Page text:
Tim Parsons: Kentucky pastor dies of Covid-19 as church preaches 'God is in control'
Pastor Tim Parsons of a Lexington church in Kentucky has died two weeks after being hospitalized for Covid-19 even as his church continued to advise members "not to worry" on its website because "God is in control." The Center Point Church announced the news of Parson's death on their Facebook page, with a picture of the deceased.
"We are saddened by the loss of our beloved Lead Pastor, Tim Parsons. He was loved by many and he leaves an impactful legacy in the lives of thousands of people. We are grateful that he is now in the presence of the Savior he loved so deeply and proclaimed so passionately. We know that we are all heartbroken and need each other in this time," the church wrote in its post. Some of the other pastors who have hit the headlines recently include Jonathan Shelley, Stewart-Allen Clarke, Stewart-Allen Clarke and Bryce Brewer.
Tim Parsons tested positive
Just a day before Parsons tested positive on Monday, August 23, congregation member Tyson Steelman shared in a virtual service on Sunday morning. The people of the church, who had been meeting in person, were forced to go virtual due to an abundance of caution following Parsons' diagnosis, as Steelman gave an update about Parson's condition over video conference.
“As many of you know, Tim is sick, and we wanted to kind of shed light on that situation. On Monday, Tim tested positive for Covid-19. And ever since then, he had been quarantining at home with his family. On Friday, the conditions worsened where he was taken to the emergency room. And as of right now, he has been intubated in the hospital,” Steelman said. “We know many of you, we’ve heard your concerns, your prayers, we thank you for your compassion during this time, and we know that your concerns are heard, and we appreciate those… But as of right now, wherever you are, whether you’re in your dorm room, whether you’re in your home, wherever you’re at, we’re asking you to pray,” he continued. “Pray with compassion for a God who heals and a God who is faithful.”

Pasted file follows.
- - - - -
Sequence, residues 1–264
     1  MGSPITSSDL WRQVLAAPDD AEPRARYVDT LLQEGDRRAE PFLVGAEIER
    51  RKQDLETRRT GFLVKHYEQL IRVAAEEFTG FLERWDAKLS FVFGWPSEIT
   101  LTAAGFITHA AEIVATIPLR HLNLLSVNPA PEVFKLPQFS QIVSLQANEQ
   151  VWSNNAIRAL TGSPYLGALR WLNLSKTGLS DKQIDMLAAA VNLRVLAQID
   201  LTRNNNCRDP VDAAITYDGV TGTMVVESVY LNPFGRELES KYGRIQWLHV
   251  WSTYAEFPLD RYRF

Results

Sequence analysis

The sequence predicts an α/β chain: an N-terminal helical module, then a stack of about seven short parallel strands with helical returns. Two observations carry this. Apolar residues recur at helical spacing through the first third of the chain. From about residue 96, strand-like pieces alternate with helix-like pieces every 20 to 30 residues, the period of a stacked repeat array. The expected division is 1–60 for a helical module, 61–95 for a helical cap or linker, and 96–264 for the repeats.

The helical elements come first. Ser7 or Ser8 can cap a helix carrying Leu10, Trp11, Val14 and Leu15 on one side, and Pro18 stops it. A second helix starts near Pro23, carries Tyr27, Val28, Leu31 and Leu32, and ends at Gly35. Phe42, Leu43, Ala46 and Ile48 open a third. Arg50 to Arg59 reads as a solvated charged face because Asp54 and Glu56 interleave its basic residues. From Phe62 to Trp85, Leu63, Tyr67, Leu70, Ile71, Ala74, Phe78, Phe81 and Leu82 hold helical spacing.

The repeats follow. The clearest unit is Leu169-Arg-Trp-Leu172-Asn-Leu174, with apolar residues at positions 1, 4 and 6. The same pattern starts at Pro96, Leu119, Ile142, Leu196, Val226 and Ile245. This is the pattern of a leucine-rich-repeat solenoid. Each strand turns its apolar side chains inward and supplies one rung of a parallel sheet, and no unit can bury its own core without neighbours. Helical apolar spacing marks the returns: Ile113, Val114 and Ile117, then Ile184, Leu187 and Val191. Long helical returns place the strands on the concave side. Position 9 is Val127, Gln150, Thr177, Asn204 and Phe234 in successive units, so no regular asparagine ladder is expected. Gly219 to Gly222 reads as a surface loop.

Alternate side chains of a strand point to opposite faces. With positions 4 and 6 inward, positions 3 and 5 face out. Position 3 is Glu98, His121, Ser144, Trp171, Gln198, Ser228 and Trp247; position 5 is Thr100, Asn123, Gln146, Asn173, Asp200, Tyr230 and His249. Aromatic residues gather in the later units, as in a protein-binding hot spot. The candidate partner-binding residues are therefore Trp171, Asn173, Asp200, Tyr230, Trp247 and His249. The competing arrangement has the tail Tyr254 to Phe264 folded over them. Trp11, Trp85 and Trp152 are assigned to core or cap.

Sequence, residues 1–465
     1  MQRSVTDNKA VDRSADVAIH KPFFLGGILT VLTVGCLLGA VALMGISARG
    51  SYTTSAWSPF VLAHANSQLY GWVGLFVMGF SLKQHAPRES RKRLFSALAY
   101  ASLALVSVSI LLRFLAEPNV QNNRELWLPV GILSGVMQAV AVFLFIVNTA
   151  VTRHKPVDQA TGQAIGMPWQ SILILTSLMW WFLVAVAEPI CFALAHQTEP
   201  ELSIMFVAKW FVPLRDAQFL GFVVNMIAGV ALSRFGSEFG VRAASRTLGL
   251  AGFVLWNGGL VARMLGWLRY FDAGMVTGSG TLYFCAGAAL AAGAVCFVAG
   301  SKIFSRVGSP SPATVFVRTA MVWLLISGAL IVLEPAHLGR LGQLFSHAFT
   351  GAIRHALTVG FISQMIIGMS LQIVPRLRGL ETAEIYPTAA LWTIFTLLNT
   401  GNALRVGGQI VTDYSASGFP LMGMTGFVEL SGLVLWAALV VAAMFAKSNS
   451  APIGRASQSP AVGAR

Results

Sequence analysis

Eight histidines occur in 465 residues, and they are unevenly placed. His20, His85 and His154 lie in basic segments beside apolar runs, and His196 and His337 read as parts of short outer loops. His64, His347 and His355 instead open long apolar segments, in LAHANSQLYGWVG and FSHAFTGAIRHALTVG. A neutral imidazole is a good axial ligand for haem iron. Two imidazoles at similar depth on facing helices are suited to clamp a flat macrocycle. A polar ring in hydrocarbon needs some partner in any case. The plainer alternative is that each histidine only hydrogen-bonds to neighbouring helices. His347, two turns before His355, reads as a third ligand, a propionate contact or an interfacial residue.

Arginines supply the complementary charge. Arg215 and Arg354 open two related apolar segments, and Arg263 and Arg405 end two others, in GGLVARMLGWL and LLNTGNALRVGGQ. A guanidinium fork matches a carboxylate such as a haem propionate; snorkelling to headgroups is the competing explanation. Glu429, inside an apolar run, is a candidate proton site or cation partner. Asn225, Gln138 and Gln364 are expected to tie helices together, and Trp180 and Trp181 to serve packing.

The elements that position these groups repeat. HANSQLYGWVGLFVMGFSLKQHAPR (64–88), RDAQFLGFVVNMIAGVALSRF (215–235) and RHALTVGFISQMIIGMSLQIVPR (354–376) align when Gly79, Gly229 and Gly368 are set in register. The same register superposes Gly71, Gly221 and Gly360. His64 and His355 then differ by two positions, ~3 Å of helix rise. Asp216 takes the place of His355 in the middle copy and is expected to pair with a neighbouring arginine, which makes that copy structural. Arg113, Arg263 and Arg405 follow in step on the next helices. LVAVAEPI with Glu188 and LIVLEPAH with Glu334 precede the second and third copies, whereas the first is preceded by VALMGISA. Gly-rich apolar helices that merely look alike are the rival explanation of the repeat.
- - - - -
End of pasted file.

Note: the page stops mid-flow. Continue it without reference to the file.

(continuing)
Steelman and the rest of the church community prayed with “heavy hearts” that Parsons would recover to be able to continue doing God's work. “Lord, I pray that you would hear the cry of your people,” he prayed. “We pray that he’s not done, that you’ll restore him back to his normal self.”
Associate pastor Graham Withers released the following statement: “We recognize and deeply appreciate our community’s concern regarding our pastor and our church. We are incredibly thankful that Tim is being treated by the excellent medical professionals that we have in our city. Out of an abundance of caution, we decided to move our worship experience online only this week. Church leadership will continue to monitor the situation and adjust accordingly. Center Point leadership continues to work closely together to care for the Parsons family and our entire church congregation during this time. We appreciate ongoing prayers for our pastor and our church.”
'God is in control'
Parsons’ death came as churches continue to grapple with how to lead their respective congregations in times of Covid-19. This includes advice about whether or not to accept coronavirus vaccines. Church preachers in Bible Belt states like Kentucky, however, have remained silent on vaccinations. None of the pastors want to offend their religious communities, regardless of their own stance on getting the jab themselves, the Associated Press reported. “I would say that the vast majority are paralyzed or silent because of how polarized it has been,” theologian Curtis Chang, who has pastored churches and a Duke Divinity School faculty member, told the AP.
As for the Center Point Church, in a frequently asked questions section on its website, one of the topics reads, "Should I be worried about Covid-19?" In response, the site states: "We don't want to be worried because the Bible tells us not to worry. We know that God is in control and that He can use all suffering to draw people to Himself. We do want to be wise by practicing what the CDC calls 'safe distancing.' We can also look for opportunities to turn Coronavirus conversations into gospel conversations."